If Rip Van Winkle happened to be not a fictional character from a previous century but a current resident of Shelby County, Tennessee, he would not have had to nod off for a full score of years to wake up to a drastically changed landscape. If he'd just blinked his eyes about midway through last week, he might have missed significant doings in the race for Shelby County mayor and that for United States senator.
- State Senator Lee Harris
The first major change in the projected 2018 political lineup occurred on Wednesday with the carefully stage-managed entry into the county mayor's race of Lee Harris, a Democratic state senator and former Memphis City Council member whose ambitions to keep on moving up in the political hierarchy were clearly signaled back in 2016 when he flirted with the idea of challenging 9th District Congressman Steve Cohen in that year's Democratic primary but thought better of it.
As the senator confided in a recent conversation, "I can serve anywhere" — the choice of a particular political office being something of a pure variable. Harris' interests in running for county mayor had been obvious for most of the current year but were screened somewhat by an elaborate Alphonse-Gaston scenario in which he appeared to be deliberating along with close friend and University of Memphis law faculty colleague Steve Mulroy, a former county commissioner and a mayoral candidate in 2014, as to which of them would actually make the 2018 race.
The veil was dropped abruptly on Wednesday via an interview in The Commercial Appeal, a venue choice made after scouting out the possible advantages of announcing in other media.
Harris has a reputation as a progressive but one adept at working across the aisle, a fact indicated by his partnership with Republican lawmakers on criminal justice issues and with GOP state Senator Brian Kelsey in seeking to safeguard the Memphis Sand aquifer. As of now, Harris would appear to be the likely Democratic nominee against the winner of the three-way Republican mayoral primary between County Commissioner Terry Roland, County Trustee David Lenoir, and Juvenile Court Clerk Joy Touliatos.
But two other eminences with credentials both with Shelby County Democrats and with the civic and social universe at large are still meditating on a possible mayoral entry. Bank of Bartlett president Harold Byrd holds numerous political IOUs as a political donor and broker, a holdover following from his past as a Democratic state representative and two previous near-runs for mayor, and ample access to financial support.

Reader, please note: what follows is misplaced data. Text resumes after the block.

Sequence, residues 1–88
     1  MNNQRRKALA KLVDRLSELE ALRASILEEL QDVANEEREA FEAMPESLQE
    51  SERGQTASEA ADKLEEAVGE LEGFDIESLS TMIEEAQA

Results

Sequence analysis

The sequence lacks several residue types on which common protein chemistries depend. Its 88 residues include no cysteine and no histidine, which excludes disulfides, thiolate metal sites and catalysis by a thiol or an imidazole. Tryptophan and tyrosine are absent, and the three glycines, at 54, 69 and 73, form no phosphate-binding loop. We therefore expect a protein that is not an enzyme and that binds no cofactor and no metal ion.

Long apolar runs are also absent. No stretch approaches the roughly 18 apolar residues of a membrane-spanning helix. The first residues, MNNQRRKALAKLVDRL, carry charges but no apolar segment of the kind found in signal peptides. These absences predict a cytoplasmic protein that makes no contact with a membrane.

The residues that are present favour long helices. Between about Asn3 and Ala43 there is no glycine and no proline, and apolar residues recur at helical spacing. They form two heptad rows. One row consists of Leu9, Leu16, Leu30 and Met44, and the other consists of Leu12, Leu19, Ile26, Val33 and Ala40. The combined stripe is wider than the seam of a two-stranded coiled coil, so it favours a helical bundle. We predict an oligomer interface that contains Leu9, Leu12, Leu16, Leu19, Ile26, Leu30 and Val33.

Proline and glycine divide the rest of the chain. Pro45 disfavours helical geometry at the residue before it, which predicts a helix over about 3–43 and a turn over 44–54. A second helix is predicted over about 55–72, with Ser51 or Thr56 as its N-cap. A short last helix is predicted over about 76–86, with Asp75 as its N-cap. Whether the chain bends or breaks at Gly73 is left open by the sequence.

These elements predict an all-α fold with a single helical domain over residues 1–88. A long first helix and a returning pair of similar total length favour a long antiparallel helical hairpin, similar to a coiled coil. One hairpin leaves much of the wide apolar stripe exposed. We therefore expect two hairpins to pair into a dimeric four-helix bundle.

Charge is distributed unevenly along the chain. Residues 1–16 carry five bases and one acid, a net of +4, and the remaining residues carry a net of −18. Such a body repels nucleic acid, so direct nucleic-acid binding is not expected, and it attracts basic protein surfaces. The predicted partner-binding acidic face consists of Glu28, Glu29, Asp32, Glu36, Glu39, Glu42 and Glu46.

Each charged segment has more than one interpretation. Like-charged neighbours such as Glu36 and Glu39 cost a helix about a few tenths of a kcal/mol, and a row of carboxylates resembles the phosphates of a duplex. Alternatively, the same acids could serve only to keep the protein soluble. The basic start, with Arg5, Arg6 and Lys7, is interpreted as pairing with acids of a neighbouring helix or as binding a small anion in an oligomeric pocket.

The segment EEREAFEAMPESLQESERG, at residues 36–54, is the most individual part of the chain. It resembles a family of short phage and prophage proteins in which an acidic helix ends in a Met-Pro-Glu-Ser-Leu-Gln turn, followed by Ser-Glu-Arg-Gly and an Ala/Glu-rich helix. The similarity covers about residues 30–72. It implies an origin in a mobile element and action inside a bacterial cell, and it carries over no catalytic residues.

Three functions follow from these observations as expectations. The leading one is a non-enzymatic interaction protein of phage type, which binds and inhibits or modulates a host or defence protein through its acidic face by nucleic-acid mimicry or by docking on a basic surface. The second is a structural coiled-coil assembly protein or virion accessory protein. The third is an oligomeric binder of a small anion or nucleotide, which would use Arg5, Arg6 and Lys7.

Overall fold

Equally well-positioned is Shea Flinn, currently an influential Memphis Chamber of Commerce vice president and a former progressive spark-plug on the city council. Flinn's access to funding, too, would be considerable, and, in a political environment not over-stocked with charisma, he has more than his share. Either one of these figures, running in the Democratic primary or even as an independent, would have a dramatic effect on the outcome. The other major development last week was in the race for the seat being vacated by Republican U.S. Senator Bob Corker, whose decision not to seek reelection did not prevent him from continuing to make political waves. (See Editorial, p. 8) To no one's surprise, 7th District U.S. Representative Marsha Blackburn, an arch-conservative, quickly announced as a GOP candidate, though she withheld her announcement until Governor Bill Haslam, a favorite of moderate Republicans, publicly opted out.
Another conservative GOP prospect is former 8th District Congressman Stephen Fincher. And the party's centrist wing still hopes to convince Memphis philanthropist and longtime party eminence Brad Martin to make the race.
The state's Democrats may end up fielding a serious candidate, as well. Chattanooga Mayor Andy Berke is seriously contemplating a Senate race, while Nashville lawyer and Iraq war vet James Mackler is already in the field.